Unfinished Business by Carolyn Ridder Aspenson description:
When Angela Panther’s mother Fran Richter wakes her up in the middle of the night ranting about stolen Hershey Bars, Angela thinks her mother’s got a screw loose. And then it hits her. Her mother is dead. Just a few hours before, Angela watched as the funeral home staff nearly dropped her mother’s body off the gurney while sliding her into the hearse. So maybe she’s the one that’s nuttier than a fruitcake?
But Fran keeps popping in and with a volcano full of drama already brewing at home—crazy or not—Angela’s grateful for her mother’s presence.
It’s the other ghosts Angela can do without.
Seems Fran’s return opened a portal between Angela and the other side and ghosts are hitting up the reluctant psychic medium for help. From the naked British guy juggling balls in the coffee shop parking lot to the woman desperately trying to save her sick child, Angela must find a way to balance her own life with the unfinished business of the dead.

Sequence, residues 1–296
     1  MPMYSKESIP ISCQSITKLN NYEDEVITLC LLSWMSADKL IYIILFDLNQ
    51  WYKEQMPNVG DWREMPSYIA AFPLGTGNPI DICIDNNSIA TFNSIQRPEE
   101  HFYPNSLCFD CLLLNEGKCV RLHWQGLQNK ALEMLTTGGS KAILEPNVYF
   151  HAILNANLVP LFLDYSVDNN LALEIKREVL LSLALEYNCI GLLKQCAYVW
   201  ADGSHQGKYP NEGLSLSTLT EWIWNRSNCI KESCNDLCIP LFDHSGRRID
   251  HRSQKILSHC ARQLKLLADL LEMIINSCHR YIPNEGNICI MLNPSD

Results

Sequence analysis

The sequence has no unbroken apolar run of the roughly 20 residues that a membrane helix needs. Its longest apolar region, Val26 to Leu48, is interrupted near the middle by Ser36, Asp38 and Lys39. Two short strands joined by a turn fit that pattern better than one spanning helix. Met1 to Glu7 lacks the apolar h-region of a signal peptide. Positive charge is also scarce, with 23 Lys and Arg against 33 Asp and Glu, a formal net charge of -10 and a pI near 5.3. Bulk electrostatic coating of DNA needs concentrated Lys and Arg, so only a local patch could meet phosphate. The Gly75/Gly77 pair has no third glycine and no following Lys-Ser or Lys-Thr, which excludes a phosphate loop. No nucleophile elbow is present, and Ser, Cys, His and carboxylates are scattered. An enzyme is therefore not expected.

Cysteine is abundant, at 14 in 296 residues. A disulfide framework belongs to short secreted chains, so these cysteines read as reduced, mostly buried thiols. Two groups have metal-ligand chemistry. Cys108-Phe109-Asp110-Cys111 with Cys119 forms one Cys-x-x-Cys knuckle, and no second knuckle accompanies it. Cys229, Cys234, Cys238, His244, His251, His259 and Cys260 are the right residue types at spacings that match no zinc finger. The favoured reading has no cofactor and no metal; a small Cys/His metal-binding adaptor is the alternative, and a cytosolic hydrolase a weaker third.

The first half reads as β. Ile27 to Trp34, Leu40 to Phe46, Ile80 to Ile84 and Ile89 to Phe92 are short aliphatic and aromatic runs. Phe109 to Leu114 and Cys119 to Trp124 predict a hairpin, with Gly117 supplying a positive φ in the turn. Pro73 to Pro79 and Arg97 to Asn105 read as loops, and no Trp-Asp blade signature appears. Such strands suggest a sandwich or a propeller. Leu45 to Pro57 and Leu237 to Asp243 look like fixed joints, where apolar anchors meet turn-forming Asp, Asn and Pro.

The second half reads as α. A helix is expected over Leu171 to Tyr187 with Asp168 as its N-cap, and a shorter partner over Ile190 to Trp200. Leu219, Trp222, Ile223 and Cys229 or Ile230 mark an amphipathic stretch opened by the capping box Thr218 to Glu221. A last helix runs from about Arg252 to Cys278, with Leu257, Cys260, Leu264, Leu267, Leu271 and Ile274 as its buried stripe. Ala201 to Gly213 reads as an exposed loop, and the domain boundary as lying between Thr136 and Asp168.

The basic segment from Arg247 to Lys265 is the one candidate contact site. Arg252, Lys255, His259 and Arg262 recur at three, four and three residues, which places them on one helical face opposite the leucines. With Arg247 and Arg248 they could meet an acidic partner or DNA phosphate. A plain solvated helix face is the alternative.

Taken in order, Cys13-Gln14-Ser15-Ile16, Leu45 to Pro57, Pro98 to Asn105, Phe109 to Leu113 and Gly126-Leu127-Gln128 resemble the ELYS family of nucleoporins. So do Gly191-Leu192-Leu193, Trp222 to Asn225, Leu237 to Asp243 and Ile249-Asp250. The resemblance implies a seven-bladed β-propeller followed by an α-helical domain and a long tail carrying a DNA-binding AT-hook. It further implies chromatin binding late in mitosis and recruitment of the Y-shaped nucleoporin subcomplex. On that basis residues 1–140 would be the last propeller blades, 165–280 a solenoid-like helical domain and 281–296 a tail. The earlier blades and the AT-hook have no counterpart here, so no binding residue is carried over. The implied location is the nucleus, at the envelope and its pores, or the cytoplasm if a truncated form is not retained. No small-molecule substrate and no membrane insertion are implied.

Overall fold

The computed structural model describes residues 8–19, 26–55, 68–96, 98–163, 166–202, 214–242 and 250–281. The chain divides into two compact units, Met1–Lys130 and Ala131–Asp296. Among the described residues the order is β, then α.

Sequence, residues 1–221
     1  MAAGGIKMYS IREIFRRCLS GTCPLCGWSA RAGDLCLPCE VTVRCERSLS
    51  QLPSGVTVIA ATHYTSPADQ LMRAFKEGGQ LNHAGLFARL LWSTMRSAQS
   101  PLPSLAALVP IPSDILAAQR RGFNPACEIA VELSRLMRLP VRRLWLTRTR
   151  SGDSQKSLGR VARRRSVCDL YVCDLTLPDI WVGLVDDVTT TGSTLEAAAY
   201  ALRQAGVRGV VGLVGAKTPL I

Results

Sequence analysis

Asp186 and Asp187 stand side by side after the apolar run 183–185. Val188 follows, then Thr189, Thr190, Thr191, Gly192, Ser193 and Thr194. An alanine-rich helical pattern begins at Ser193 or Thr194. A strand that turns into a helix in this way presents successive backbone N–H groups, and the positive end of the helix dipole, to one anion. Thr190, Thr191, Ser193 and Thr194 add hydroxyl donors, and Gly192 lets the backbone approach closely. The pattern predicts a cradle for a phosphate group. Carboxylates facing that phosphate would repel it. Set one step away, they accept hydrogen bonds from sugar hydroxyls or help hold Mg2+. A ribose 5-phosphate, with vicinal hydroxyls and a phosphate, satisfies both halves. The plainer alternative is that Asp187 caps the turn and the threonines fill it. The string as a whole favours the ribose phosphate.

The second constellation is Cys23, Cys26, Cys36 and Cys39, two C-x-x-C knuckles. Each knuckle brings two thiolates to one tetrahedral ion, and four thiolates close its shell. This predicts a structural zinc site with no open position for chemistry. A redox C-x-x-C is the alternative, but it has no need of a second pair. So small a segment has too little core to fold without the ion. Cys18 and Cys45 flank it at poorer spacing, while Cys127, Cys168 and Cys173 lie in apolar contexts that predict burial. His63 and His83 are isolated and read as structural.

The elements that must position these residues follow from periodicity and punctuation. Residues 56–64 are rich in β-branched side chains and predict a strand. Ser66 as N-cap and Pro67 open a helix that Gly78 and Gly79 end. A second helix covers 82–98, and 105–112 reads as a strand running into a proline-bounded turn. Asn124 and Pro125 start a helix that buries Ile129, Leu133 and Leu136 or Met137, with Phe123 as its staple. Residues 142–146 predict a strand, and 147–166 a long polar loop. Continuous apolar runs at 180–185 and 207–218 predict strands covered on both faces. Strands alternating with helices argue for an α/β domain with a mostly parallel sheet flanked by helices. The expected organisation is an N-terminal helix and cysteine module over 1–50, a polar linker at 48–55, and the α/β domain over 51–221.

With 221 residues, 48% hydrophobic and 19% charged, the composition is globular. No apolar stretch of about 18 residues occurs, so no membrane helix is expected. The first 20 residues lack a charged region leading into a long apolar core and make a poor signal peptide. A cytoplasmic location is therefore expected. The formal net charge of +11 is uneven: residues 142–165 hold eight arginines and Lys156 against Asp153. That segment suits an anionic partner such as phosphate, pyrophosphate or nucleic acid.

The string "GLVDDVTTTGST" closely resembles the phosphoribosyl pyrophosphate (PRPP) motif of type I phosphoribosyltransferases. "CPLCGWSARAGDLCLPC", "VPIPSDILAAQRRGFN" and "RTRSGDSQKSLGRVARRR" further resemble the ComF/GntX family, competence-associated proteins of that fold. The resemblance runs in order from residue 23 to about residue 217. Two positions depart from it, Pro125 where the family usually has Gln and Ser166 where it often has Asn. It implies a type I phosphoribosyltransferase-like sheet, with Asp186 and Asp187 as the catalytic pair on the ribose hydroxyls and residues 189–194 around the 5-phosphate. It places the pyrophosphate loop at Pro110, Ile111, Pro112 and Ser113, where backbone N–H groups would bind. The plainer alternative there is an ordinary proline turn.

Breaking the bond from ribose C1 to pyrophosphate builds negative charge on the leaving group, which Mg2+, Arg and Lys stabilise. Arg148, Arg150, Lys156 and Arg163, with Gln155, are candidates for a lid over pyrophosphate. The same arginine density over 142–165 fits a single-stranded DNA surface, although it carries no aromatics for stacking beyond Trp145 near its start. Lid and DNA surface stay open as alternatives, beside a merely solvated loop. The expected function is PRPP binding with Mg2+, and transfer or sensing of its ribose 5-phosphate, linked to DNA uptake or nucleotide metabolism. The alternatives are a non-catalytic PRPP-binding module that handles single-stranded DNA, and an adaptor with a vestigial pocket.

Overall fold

This was a rather humorous novel. Fran, Angela’s mom, is actually the best part with how she’s treating being a part of the afterlife, and trying to help out Angela with all that’s going on. However, this story is told from Angela’s point of view and I think that might have been a mistake on the part of the author. It definitely didn’t add anything to the story, and might have actually hurt the plot being caught up with her constantly thinking not too flattering thoughts about her kids, and some kind of off-putting thoughts about her husband. I mean you would almost hope a book like this would be romantic and maybe a bit sexxy, but her talks of sex (which was plenty) was not enticing at all even when she seemed happy about it. While this story did perhaps approach the idea of a woman suddenly being able to see and help ghost in a rather realistic way, it also made it sort of drag at times. Because it would get sidetracked on her everyday activities that made it hard to figure out where this novel was trying to take us. And there are plenty of little events that may be funny, sad, or intense, but not to the degree that keeps you turning pages in the middle of the night. And of all the wacked out things I’ve read I never would’ve expected to feel that uncomfortable about 2 women discussing food-gasms. Not that it’s just so unheard of, but to the amount of times it was brought up and discussed at length it was kind of disturbing, like a joke that’s been way over told that wasn’t even funny the first time. And that was perhaps the problem with this book, though it does have its’ good points that made it fun, too much of it felt repetitive and a bit childish for a mom of 2 who just lost her mom and is suddenly seeing ghost. I also must say this book needed to be edited better, especially when it came to quotations mark placement, and no one says a person’s name that many times in a conversation with that person.